Photography by Sophia Wilson. Edited Donovan Ramsey.

This interview has been condensed for clarity.

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DARIAN

So, how are you? How's everything going?

PARIS

I'm a bit overwhelmed! I wasn't expecting all of this, but the business has been going really well. Academically, I've still been doing very well, so I guess I'm happy, but it's so much going on at once.

DARIAN

Tell me what you mean by “overwhelmed.” Give me an example, you know what I mean?

PARIS

I have news channels coming to speak to me. People are watching my face, and it's mind-boggling. Now if I go somewhere, somebody might recognize me and that's the weirdest part about it. I never dreamt of me being that person. Growing up, I thought I would just be recognized as a doctor. It’s all very new.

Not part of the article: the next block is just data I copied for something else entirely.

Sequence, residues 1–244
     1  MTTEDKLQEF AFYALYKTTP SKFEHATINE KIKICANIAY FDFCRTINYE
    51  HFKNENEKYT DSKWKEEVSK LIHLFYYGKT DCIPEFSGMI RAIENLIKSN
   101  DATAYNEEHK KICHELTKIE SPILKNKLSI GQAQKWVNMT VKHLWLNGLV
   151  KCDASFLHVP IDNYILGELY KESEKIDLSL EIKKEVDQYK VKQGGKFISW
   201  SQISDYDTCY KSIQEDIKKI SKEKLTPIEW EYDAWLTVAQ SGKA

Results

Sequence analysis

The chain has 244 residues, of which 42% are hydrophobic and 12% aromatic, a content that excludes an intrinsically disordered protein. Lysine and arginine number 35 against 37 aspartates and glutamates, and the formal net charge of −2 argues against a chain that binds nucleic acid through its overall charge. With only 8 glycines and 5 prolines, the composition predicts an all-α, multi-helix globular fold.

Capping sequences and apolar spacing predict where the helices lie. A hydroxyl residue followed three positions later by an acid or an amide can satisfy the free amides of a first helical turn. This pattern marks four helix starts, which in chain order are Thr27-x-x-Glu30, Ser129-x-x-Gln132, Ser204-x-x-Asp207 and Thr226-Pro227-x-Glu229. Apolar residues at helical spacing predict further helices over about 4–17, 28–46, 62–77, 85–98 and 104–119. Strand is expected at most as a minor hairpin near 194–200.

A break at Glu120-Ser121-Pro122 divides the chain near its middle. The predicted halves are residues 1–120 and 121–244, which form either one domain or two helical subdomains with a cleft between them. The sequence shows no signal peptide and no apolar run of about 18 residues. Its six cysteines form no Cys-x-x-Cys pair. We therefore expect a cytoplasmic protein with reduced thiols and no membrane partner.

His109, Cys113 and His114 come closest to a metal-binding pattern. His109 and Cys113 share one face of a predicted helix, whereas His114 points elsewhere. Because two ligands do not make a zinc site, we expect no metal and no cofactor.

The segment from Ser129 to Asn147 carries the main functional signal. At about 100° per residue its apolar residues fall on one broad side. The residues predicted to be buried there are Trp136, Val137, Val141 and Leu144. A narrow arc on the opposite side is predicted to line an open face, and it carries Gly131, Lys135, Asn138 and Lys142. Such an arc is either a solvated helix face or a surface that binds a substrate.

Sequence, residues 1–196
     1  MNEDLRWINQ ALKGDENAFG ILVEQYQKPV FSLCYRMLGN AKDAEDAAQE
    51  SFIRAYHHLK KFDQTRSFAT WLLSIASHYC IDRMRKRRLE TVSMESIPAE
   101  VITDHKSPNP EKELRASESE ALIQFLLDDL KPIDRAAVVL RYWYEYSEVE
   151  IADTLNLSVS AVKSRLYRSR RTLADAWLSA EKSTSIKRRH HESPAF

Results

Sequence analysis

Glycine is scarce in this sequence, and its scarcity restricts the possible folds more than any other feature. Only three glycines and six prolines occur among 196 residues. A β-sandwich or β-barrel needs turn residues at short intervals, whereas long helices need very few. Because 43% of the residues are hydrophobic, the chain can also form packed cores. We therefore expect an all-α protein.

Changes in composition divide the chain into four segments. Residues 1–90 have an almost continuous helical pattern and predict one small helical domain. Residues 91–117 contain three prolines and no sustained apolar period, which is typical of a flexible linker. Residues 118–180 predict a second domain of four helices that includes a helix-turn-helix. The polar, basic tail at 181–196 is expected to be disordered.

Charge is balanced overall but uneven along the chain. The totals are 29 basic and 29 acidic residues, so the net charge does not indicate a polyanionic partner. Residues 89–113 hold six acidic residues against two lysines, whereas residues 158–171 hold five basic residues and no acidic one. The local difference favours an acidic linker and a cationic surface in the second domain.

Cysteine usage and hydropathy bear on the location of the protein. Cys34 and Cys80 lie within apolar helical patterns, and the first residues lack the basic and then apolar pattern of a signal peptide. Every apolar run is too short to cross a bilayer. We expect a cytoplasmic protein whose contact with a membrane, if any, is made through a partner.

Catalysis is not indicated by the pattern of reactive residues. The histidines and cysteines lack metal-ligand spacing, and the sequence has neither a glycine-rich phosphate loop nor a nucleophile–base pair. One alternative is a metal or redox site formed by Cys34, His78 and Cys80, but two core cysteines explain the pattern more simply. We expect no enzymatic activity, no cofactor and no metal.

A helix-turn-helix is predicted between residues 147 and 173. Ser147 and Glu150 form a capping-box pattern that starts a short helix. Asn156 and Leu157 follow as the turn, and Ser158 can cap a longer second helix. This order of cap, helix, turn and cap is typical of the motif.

DARIAN

Well, I think the reason may be… one, as you know, there aren't many Black beauty supplies business owners*. But I also think that you being a young entrepreneur, it really makes your story unique. Your life is changing a lot quicker in ways that you probably weren’t expecting. How did you grow up and how that has led to the place that you're at in your life right now — and having the beauty supply?

[*Only a third of at least 9,000 beauty supplies that specialize in Black hair care across the U.S. are Black-owned, the Black Owned Beauty Supply Association (BOBSA) told Business of Fashion.]

PARIS